- The Washington Times - Wednesday, October 20, 2004

India is concerned about reports of a renewed Pakistani effort to buy F-16 fighter jets from the United States, saying the advanced aircraft could spark an arms race in South Asia even though Washington maintains that no such sales are being contemplated.

“We are against introducing such advanced weaponry into South Asia,” an Indian government official said Tuesday on the condition of anonymity. “They are not useful in the war on terror, and experience has shown that they could be used against India. … They could spark a buildup or a weapons race in the region.”

In September, the Pakistani press carried a statement by a Pakistani defense official saying the United States had agreed to consider selling the nation F-16s fighter jets.

Last week, Rear Adm. Craig McDonald, head of the office of the U.S. defense representative in Pakistan, was quoted in press reports as telling a Pentagon-organized conference on security cooperation that the Bush administration would go before Congress early next year to seek authorization for the sale.

“It’s a very long, involved process that will be taken up with our Congress once they come back after the first of the year,” he was quoted by Reuters news agency as saying.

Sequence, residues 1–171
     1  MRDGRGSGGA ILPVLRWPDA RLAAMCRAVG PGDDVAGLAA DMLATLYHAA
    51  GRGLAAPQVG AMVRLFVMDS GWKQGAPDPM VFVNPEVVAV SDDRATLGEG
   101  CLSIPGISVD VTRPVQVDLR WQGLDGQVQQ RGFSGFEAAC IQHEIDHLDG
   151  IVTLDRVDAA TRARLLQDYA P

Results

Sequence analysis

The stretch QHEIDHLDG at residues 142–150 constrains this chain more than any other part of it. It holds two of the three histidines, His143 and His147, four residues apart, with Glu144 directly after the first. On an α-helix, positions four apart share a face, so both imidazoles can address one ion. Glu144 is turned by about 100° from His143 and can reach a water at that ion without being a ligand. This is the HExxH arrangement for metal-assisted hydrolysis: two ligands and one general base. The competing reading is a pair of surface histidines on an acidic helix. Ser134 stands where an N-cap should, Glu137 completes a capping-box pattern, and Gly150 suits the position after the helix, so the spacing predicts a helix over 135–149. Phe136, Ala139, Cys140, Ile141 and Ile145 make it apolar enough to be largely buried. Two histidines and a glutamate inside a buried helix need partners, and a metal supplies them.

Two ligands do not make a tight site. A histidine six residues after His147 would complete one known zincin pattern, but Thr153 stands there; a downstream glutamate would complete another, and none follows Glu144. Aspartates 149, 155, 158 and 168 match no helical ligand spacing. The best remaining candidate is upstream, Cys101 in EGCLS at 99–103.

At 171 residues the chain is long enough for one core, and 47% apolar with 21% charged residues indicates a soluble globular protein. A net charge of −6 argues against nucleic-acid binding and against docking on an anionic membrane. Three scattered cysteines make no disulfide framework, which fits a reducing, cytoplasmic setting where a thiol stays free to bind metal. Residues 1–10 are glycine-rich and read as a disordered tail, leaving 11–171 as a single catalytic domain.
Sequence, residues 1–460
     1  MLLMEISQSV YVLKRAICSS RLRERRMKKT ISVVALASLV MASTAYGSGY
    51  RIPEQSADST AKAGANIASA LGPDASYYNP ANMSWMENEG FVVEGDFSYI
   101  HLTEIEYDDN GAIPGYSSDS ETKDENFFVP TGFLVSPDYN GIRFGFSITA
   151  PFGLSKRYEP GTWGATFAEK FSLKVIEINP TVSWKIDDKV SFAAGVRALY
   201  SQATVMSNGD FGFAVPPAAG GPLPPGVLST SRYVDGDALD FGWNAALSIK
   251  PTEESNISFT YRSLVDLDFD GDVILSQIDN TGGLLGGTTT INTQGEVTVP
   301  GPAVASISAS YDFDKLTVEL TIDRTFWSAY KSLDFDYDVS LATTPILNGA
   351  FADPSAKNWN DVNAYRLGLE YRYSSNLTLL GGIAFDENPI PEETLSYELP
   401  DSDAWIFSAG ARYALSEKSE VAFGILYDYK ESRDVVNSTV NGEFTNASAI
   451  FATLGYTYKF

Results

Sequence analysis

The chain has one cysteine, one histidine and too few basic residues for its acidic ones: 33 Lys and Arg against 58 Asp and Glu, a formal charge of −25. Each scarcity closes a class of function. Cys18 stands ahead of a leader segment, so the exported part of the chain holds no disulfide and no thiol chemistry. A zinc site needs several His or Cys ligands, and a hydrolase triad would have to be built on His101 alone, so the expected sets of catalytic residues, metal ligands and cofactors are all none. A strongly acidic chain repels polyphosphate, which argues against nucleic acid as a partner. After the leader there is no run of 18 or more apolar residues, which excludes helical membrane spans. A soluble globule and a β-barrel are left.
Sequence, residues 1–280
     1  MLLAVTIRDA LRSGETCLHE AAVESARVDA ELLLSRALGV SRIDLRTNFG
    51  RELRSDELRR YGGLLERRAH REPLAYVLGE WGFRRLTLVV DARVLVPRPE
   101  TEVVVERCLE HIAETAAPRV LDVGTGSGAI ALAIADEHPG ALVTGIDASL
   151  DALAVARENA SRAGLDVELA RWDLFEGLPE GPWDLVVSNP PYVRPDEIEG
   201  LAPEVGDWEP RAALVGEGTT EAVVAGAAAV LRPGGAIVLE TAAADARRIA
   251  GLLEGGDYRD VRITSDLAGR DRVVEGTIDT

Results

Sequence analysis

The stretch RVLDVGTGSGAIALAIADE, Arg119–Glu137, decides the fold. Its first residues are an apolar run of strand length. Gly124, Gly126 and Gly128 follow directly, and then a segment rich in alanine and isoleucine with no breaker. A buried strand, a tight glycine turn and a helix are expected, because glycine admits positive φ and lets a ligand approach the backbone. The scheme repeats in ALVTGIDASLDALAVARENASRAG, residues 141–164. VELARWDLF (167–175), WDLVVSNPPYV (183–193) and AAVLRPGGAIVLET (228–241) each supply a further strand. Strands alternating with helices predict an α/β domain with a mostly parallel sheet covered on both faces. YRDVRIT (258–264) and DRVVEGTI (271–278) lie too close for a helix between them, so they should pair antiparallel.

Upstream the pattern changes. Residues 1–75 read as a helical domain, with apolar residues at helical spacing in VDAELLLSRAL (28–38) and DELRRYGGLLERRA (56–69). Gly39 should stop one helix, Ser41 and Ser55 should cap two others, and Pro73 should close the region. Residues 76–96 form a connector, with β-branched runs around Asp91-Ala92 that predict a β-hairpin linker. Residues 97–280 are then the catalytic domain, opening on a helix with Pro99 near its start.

Participants in a six-day U.S.-India forum sponsored by the Aspen Institute and the Confederation of Indian Industry that ended Tuesday said they told Defense Secretary Donald H. Rumsfeld that such a sale, while manageable for the Indian military, would be taken badly by the Indian public.

Mr. Rumsfeld did not comment on the prospects of the sale of the F-16s at the meeting Monday, the participants said. But a retired senior Indian military officer said he understood the plan called for an initial sale of 18 planes, with another 62 aircraft to be sold later.

The State Department, however, bluntly refuted the idea on Tuesday.

“There has been absolutely no decision taken anywhere, at any level of the U.S. government, on the sale of F-16s to Pakistan,” a department official said on the condition of anonymity.

The official said that the sale of F-16s to Pakistan, along with dozens of other issues relating to U.S.-Pakistan relations, had been on the table for months, but nothing had changed.

“Everyone wants to know if the ball has moved. The ball has not moved,” the official said.

Officials at the Pakistani Embassy did not return repeated calls for comment.

Washington sold 40 F-16s to Pakistan from 1983 through 1987, during the period Pakistan supported the United States in its efforts to drive the Soviet Union out of Afghanistan. But in 1990, Congress passed legislation halting delivery of the jets for fear that Pakistan had built a nuclear bomb.

U.S. concerns over a Pakistani nuclear device proved correct in May 1998 when Pakistan carried out nuclear weapons tests in response to tests by India.

However, since the September 11, 2001, attacks in the United States, Pakistan has re-emerged as a key U.S. ally in the war on terrorism.

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